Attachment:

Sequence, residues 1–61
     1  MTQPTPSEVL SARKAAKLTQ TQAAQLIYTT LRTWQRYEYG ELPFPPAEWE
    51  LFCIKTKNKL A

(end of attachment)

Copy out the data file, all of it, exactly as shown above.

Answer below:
Sequence, residues 1–61
     1  MTQPTPSEVL SARKAAKLTQ TQAAQLIYTT LRTWQRYEYG ELPFPPAEWE
    51  LFCIKTKNKL A